ILSpy plugin to decompile an assembly with Reflection.Emit API calls
Occasionally I do stuff that's just for fun and has little industrial significance (it's sad how often those two factors seem to correlate...).
One of my hobbies involves diving deep into the .NET framework and creating fun projects. One of these projects were IL-Boss, whose remnants can still be found on Github. The idea was to improve the efficiency of object serialization by generating type-sepcific serialization assemblies at runtime and then reusing them. Kind of like the Json IL serializer but instead of json, I created a compact binary protocoll. This was my bachelor's thesis, I wrote articles about this and it became one of the cornerstones of my, since then interrupted Ph.D. work.
I'm telling you this so you realize how long I've been usin ILSpy. Because for this project I had to use an IL-decompiler, so that I can get inspiration from somewhere (if I didn't know how to generate a specific piece of code, I wrote it in C# and decompiled it, and then recreated it with the Reflection.Emit API). I'm not even sure if it was open-source back then.
And I'm glad that I've stood by it. Sure, there was a time when development was halted, but for the last couple of years, it's been quite active on Github and they even published a VS extension. Nice.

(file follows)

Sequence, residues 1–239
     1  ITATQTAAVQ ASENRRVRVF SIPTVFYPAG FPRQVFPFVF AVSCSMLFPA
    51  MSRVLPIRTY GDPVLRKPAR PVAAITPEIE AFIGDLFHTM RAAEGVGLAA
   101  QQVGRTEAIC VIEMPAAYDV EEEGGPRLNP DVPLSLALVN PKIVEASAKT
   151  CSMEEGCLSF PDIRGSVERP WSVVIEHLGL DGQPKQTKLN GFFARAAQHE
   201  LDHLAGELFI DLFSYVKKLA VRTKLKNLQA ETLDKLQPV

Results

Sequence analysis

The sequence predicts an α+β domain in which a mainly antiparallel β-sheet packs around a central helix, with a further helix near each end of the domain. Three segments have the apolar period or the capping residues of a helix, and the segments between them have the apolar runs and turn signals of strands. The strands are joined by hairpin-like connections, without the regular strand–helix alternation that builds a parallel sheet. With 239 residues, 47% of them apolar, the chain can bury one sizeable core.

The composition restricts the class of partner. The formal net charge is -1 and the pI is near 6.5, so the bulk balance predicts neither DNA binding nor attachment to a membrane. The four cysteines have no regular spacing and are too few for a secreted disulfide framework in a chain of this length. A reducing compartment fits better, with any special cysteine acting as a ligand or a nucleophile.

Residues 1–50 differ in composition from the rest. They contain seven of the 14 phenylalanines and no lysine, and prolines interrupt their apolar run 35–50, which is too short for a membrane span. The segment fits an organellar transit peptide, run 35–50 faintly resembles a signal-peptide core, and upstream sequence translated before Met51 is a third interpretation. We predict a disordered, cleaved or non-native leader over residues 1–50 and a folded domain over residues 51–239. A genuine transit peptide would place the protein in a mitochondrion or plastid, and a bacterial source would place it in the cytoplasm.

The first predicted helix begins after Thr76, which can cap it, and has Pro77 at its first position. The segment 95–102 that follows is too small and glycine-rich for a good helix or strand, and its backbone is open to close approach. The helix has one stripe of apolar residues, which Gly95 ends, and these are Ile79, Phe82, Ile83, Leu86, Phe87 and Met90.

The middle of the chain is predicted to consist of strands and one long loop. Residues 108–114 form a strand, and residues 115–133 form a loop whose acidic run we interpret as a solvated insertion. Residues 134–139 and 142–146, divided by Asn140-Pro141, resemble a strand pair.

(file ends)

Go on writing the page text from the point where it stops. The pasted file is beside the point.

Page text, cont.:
One cool new feature is that you can write your own plugins. These can be simple things ranging from simple menuitem commands to whole languages.
While looking throught the Github issues of ILSpy I found an interesting one here. The issue is basically a new feature request to create a new decompilation view that instead of the C# code or IL code shows the Reflection.Emit API calls that would be needed to generate that specific piece of code. This is definitely not an easy task, but it I decided to give it a try.
And today I'm proud to release the first version of my plugin to address the feature request. It's still in the very early stages of development: it only supports methods, and it's riddled with bugs :) But I think it's a decent first try. You can download the release from here, or head over to the Github repository, and then just copy it to the ILSpy directory. Finally, you can choose IL Generation from the language drop-down and behold:
This is a very complex task and I'm not sure how much time I'll have in the near future for this project. If you feel like it, head over to the Github repository, look at the contribution guide and pick a missing feature to implement. Or just help with the testing and create Github issues for bugs and missing features.